You can technically found company while being on EAD, you don't have to wait till the actual possession of GC, but that is the earliest you can do it.

There are quite a few discussions around the same topic on Murthy.com, request to take a look.
Rob Gropper
0
0
Rob Gropper Entrepreneur
Director at PetHero, SPC - Member at Eastside Incubator - Principal at Tuxedo Technologies Group
Oleg hit on most of the important issues. i am not a lawyer and cannot give legal advise, but you could look into part-time work status and see where that leads. Yes, our current immigration laws are screwed up and there is legislation in process now to address this very issue of visa holders founding companies. it would be worth your time to find a law firm very experienced in immigration law to see where this new legislation is at and its chances of passing. Also, as i'm sure you've discovered, getting your green card is a long process. Another challenge from the startup company perspective is the requirement that the H1B holder must be paid "prevailing wage". Therefore even if you found a startup you believed in and wanted to work for them for only equity (or work for your own startup) and no pay the immigration laws would not allow it. Re part-time status you could look at the possibility of a US citizen starting a company and sponsoring your visa for part-time work. the wages you and your spouse (if you are married and both here on visas) paid in total would need to be capable of providing you with a "living wage" and you can work part-time for more than one company (as i recall). Hypothetically, let's say your spouse is also here on an H1B and you find "part-time" work with a startup. the wages your spouse makes could be sufficient to meet the 'living wage" requirement and you could potentially work part time for the startup for part-time wages. what you do with the balance of your time is your business. There are no restrictions that i know of regarding stock ownership, it is the wages and employer sponsorship that are issue. As Hartmut said, don't violate any immigration laws. We work with a very good immigration law firm based in Chicago. If you need a referral please message me directly.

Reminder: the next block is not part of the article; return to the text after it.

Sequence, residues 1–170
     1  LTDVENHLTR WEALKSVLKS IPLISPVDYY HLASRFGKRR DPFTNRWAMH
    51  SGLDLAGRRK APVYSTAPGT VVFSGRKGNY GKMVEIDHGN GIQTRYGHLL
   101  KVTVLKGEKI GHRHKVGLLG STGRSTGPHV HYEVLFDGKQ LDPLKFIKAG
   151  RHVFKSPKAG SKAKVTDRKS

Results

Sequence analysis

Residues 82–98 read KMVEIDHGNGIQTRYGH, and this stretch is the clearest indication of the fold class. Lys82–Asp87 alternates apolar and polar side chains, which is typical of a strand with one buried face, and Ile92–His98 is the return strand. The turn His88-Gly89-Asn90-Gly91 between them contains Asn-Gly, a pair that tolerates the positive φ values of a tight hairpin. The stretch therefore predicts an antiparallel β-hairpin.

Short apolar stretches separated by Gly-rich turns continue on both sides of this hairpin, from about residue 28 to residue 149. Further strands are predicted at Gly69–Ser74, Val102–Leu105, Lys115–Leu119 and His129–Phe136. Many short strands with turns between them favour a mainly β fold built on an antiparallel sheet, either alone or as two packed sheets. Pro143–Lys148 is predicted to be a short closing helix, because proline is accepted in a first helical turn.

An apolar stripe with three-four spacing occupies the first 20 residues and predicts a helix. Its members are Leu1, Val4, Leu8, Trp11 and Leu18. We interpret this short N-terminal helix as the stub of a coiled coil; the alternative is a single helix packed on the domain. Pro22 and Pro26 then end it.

Lee Ann Guertin
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0
Lee Ann Guertin Entrepreneur
Editorial Research Manager, Online Analytics
I realize no one wants to talk about it, but what about starting it/owning it in your home country and establishing need to conduct business here in US? Many overseas tech companies are doing that now to streamline setup, etc. and respect immigration laws. Would your startup be scoping to employ US resources or citizens? Otherwise, I concur that it may be a better idea to have a US Citizen establish primary ownership and sponsorship. Besides immigration status there are liability, security, and fiscal responsibility issues present. Sent from my iPhone
Joel Brodie
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0
Joel Brodie Entrepreneur • Advisor
Business Development Executive and Entrepreneur
I was going to suggest as others did above to get a co-founder who is a US citizen and have him/her sponsor you and the team. As mentioned, the company will have to pay your wages during this time it could take awhile - up to 3 years. I've done this before so can concur with a lot of the comments above. Hopefully the laws change, but to pull it off, you'll definitely need to raise money not just to build out the business, but to support the H1 process. It'll probably cost $20K - 40K per each person. Good news is most of the time/ cost is upfront (though it's a lot of work).
David Crooke
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0
David Crooke Entrepreneur
Serial entrepreneur and CTO
I did this in 1999. Rules may have changed. - At least for a Delaware C-Corp, there were no restrictions on who can be a corporate officer, you didn't even have to live in the USA - A company has to be up and running for 12 months to be allowed to apply for H1-B's - For the first 12 months, I had an Indian body shop in Maryland hire me as W2 and I hired myself from them. Totally legal even though a loophole. I chose MD because they use the VT processing center which has very fast turnaround - H1-B transfer without rush processing took a week, we did it ourselves without a lawyer - To apply for a work-based green card, certain paperwork (IIRC the LCert) has to be signed on behalf of the company by an employee or officer who is a US Citizen Cheers Dave